I doesn't seem to me that we've heard a great deal about the various Allied submarine fleets in the region lately. Without too much of a hand-waving push, they could have played a more significant role than they did historically.
 
Just how would an American guarantee help at this point? I'm not sure if an earlier guarantee could have assisted either. Prince Konoye and his administration probably see
an American guarantee of western Colonialism in SE Asia as similar to interference in China. Perhaps no Pearl Harbor, as the Japanese keep moving over the Fall, after the Indo-China landings? The Malayan/NEI outcome is not delayed or impeded, as it looks likely ITTL.? Then again, there might not have been the time send planes, tanks and troops to the PI either. Which might have a positive effect for ABDA's prospects.

I'm curious as to why ADM Phillips did his "meet and greet" with ADM Hart. Could this happen at another time? ADM Phillips can better get a grip on his own tactical situation. I can see the duty bound aspect to it. This isn't the "The Age of Sail" though.

I doubt that London would authorize a pre-landing "intercept and engage" of IJN transports and warships in the South China Sea. The Japanese do have tendency, "to strike first, inform later". However, once the invasion force gets ashore it's likely too late for a favorable outcome. I see intercept and sink during the hours of darkness, prior to the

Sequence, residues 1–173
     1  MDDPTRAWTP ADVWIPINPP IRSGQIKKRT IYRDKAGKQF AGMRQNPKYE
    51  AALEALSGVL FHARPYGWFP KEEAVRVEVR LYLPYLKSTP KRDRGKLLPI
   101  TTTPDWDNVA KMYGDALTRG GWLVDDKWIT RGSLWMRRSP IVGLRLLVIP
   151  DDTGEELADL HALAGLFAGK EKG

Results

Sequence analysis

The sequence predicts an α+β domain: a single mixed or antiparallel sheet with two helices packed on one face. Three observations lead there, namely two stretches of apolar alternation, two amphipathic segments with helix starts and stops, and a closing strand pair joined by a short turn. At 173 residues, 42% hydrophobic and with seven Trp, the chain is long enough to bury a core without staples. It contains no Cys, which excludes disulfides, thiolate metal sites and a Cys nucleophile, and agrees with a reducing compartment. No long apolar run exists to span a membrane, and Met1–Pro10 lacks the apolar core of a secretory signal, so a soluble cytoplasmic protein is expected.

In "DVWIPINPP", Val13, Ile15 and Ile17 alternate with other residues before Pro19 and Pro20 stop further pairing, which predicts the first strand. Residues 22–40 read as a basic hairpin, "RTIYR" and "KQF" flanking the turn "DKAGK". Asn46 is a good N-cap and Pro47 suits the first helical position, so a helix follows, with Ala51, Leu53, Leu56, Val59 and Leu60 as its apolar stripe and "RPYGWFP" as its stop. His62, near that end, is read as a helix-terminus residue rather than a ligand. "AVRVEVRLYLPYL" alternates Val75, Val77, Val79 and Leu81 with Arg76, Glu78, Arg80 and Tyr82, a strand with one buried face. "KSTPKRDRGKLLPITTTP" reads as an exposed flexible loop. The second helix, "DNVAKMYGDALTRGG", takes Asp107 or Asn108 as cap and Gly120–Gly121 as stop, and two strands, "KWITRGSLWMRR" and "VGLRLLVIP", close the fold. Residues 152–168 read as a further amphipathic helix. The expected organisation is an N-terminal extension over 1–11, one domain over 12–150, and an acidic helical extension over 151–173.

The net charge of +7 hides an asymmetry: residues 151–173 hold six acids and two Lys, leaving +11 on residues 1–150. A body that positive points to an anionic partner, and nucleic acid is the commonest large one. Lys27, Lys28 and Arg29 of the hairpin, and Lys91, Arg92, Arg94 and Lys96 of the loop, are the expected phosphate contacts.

landing, as the only positive outcome for Force Z. But do they go after the warships before the transports?
The meet and greet was barely 24 hours after his arrival. The worst part, according to Hart was 3 wasted hours of listening to MacArthur droning on about his "powerful" forces, before Hart Phillips and staffs could get down to business. Included was Hart confirming a loan of 4 sonar equipped destroyers to Phillips when war breaks out. That was a third oh Hart's destroyers. There was no time. Hart told Phillips of the War Warning, and that were picking up large shipping movements in the South China sea.
 
I doesn't seem to me that we've heard a great deal about the various Allied submarine fleets in the region lately. Without too much of a hand-waving push, they could have played a more significant role than they did historically.
American submarine doctrine for the Asiatic Fleet seems to envision a submersible coastal monitor or coastal fort. It appears that an Army General calling the shots pre-war.
This is a major problem. Did this occur pre or post ascension to The Throne?

The submarine is not a defensive weapon. It's not a seaborne picket line of skirmishers. If allowed to train properly it may have an affect on the outcome of a campaign.
Of course, NTS is as obdurate as possible for the first couple of years...
 
We have heard quite a bit about the IJN forces heading towards the South China Sea, a fair amount about Force Z, some about the US Asiatic Fleet, and a little about the Dutch surface warships recently. Also, the Commonwealth air forces changes have been outlined and that there is a much more astute leader in theater.

I doesn't seem to me that we've heard a great deal about the various Allied submarine fleets in the region lately. Without too much of a hand-waving push, they could have played a more significant role than they did historically.
Except for the 6 original subs of the Asiatic Fleet, the other 20 had arrived between Nov. 22nd and Dec. 2nd, after a transit with their tenders, Holland and Otus from Hawaii. The distance of a very long patrol. All needed tender or dock time.